Since its release, ChatGPT, a chatbot capable of producing incredibly human-like text using a sophisticated machine learning model, has industry watchers heralding a new stage in the development of artificial intelligence (AI). ChatGPT’s ability to produce realistic conversations and messages — and to adapt to its mistakes — could have applications in industries ranging from finance to art.
In the three months since Open AI announced ChatGPT, the chatbot generated major headlines and buzz, with up to a million people testing the technology soon after its release. Microsoft has made significant investments in the platform, with a view to possibly by integrating it into its cloud services.
With the excitement of ChatGPT comes a dark side, however, including concerns about security and the ability of cybercriminals to use the chatbot as they see fit. Searching for checkpoints documented several instances of malicious actors deploying much more sophisticated phishing emails written using the chatbot. Other threat actors use technology to create malware.
But the success of these cybercriminal experiments remains to be seen. “It is still too early to decide whether or not ChatGPT functionality will become the new favorite tool for Dark Web participants. However, the cybercriminal community has already shown considerable interest and is jumping into this latest trend to generate malicious code,” Check Point researchers note in their latest report.
For cybersecurity experts, ChatGPT shows how AI is now moving into mainstream use. The growing use of these technologies also means that tech professionals need to start refreshing and strengthening their AI and cybersecurity skills. This is to ensure that they not only develop more secure code as new applications are created, but also to counter what threat actors deploy using these same tools.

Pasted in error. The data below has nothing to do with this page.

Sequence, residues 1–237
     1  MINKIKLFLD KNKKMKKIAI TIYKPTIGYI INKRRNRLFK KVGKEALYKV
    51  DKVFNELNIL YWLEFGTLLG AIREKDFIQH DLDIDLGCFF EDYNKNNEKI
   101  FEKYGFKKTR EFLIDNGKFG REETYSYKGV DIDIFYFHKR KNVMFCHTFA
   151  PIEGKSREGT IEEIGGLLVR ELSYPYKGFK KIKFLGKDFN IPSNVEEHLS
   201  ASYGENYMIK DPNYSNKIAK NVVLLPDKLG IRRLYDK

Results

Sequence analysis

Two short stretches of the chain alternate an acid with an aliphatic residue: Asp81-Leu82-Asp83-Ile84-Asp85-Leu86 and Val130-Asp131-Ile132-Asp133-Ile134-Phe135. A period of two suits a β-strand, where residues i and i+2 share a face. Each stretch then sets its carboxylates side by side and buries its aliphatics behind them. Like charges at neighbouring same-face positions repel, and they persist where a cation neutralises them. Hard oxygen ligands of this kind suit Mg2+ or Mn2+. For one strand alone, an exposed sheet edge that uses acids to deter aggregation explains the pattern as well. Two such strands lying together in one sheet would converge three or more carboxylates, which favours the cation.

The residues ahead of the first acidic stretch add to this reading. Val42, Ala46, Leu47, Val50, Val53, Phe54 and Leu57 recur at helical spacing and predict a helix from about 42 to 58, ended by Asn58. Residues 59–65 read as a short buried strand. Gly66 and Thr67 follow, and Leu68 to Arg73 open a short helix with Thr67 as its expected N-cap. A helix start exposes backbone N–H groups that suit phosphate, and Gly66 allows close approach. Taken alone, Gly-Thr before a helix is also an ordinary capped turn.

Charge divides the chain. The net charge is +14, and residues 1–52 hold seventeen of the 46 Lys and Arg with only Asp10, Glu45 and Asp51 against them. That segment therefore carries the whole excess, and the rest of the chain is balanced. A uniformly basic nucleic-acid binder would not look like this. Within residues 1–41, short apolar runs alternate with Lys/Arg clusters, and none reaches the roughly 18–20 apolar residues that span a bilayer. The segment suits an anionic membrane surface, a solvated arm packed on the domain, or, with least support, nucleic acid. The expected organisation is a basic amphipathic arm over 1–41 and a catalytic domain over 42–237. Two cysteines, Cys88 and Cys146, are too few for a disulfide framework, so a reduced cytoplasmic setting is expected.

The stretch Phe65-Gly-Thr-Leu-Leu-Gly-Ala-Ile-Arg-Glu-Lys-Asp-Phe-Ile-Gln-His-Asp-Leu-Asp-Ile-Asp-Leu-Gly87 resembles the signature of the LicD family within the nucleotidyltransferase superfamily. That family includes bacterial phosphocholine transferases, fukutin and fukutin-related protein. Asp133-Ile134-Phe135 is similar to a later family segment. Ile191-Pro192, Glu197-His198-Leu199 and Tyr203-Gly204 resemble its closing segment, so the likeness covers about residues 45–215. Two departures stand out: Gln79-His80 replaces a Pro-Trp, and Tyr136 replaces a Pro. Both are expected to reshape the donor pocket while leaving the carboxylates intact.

“Many organizations are unprepared for how this will change the threat landscape. You have to fight AI with AI, and organizations can seek cloud security that also uses generative AI and AI augmentation technology,” Patrick Harr, CEO of the company, recently told Dice. SlashNext security. “Using these technologies to predict millions of new threat variants that could enter the organization is the only way to counter these attacks to close the security gap and vulnerabilities created by this dangerous trend.”
AI brings unique security risks
Even before the release of ChatGPT, advancements in AI were already disrupting the cybersecurity industry. With information security spending estimated at $187 billion this year, Gartner expects CISOs and other security managers to spend more on AI technologies to protect against attacks that also use the technology.
At the same time, the research firm predicts that “all personnel hired for AI development and the training work will need to demonstrate expertise in responsible AI”
These developments mean tech professionals not only need to understand AI and its use within an organization, but also how developments such as ChatGPT can be quickly adapted by attackers, said Mike Parkin, senior technical engineer. at Vulcan Cyber.